APTOPIX Capitol Riot Gold Medal Speaker of the House Nancy Pelosi of Calif., embraces former Washington Metropolitan Police Department officer Michael Fanone before the start of a Congressional Gold Medal ceremony honoring law enforcement officers who defended the U.S. Capitol on Jan. 6, 2021, in the U.S. Capitol Rotunda in Washington, Tuesday, Dec. 6, 2022. (AP Photo/Alex Brandon)
Capitol Riot Gold Medal Speak of the House Nancy Pelosi of Calif., steps on stage during a Congressional Gold Medal ceremony honoring law enforcement officers who defended the U.S. Capitol on Jan. 6, 2021, in the U.S. Capitol Rotunda in Washington, Tuesday, Dec. 6, 2022. (AP Photo/Carolyn Kaster)
Capitol Riot Gold Medal Charles and Gladys Sicknick, father and mother of slain U.S. Capitol Police Officer Brian Sicknick, are greeted by Senate Majority Leader Chuck Schumer of N.Y., center, with Senate Minority Leader Mitch McConnell of Ky., and House Minority Leader Kevin McCarthy of Calif., at right, during a Congressional Gold Medal ceremony honoring law enforcement officers who defended the U.S. Capitol on Jan. 6, 2021, in the U.S. Capitol Rotunda in Washington, Tuesday, Dec. 6, 2022. The members of the Sicknick family declined to shake hands with McConnell and McCarthy. At left is U.S. Capitol Police Chief Thomas Manger and House Speaker Nancy Pelosi of Calif. (AP Photo/Carolyn Kaster)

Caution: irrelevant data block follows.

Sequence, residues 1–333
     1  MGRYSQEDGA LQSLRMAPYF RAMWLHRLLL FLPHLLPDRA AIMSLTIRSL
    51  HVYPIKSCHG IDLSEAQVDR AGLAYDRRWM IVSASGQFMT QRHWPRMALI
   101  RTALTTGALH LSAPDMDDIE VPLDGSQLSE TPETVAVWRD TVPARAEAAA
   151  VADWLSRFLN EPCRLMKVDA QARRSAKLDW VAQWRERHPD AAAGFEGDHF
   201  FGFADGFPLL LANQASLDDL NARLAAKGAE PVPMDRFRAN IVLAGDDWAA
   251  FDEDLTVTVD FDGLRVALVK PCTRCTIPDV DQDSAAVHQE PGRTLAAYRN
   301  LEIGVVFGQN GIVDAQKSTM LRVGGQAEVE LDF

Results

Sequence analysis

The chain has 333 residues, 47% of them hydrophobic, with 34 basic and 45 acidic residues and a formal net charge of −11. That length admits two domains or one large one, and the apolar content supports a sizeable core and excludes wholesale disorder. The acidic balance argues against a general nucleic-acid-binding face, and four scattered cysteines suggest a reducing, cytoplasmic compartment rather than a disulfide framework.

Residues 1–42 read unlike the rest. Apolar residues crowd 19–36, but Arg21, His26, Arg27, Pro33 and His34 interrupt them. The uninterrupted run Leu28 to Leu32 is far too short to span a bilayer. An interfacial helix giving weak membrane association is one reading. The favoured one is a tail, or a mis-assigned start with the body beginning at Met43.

Capitol Riot Gold Medal Congressional Gold Medals are placed before a ceremony honoring law enforcement officers who defended the U.S. Capitol on Jan. 6, 2021, in the U.S. Capitol Rotunda in Washington, Tuesday, Dec. 6, 2022. (AP Photo/Alex Brandon)
Capitol Riot Gold Medal Congressional Gold Medals are placed before a ceremony honoring law enforcement officers who defended the U.S. Capitol on Jan. 6, 2021, in the U.S. Capitol Rotunda in Washington, Tuesday, Dec. 6, 2022. (AP Photo/Alex Brandon)
Capitol Riot Gold Medal
Capitol Riot Gold Medal Speaker of the House Nancy Pelosi of Calif., speaks during a Congressional Gold Medal ceremony honoring law enforcement officers who defended the U.S. Capitol on Jan. 6, 2021, in the U.S. Capitol Rotunda in Washington, Tuesday, Dec. 6, 2022. (AP Photo/Alex Brandon)
Capitol Riot Gold Medal Speaker of the House Nancy Pelosi of Calif., speaks during a Congressional Gold Medal ceremony honoring law enforcement officers who defended the U.S. Capitol on Jan. 6, 2021, in the U.S. Capitol Rotunda in Washington, Tuesday, Dec. 6, 2022. (AP Photo/Alex Brandon)
Capitol Riot Gold Medal Speaker of the House Nancy Pelosi of Calif., speaks during a Congressional Gold Medal ceremony honoring law enforcement officers who defended the U.S. Capitol on Jan. 6, 2021, in the U.S. Capitol Rotunda in Washington, Tuesday, Dec. 6, 2022. (AP Photo/Alex Brandon)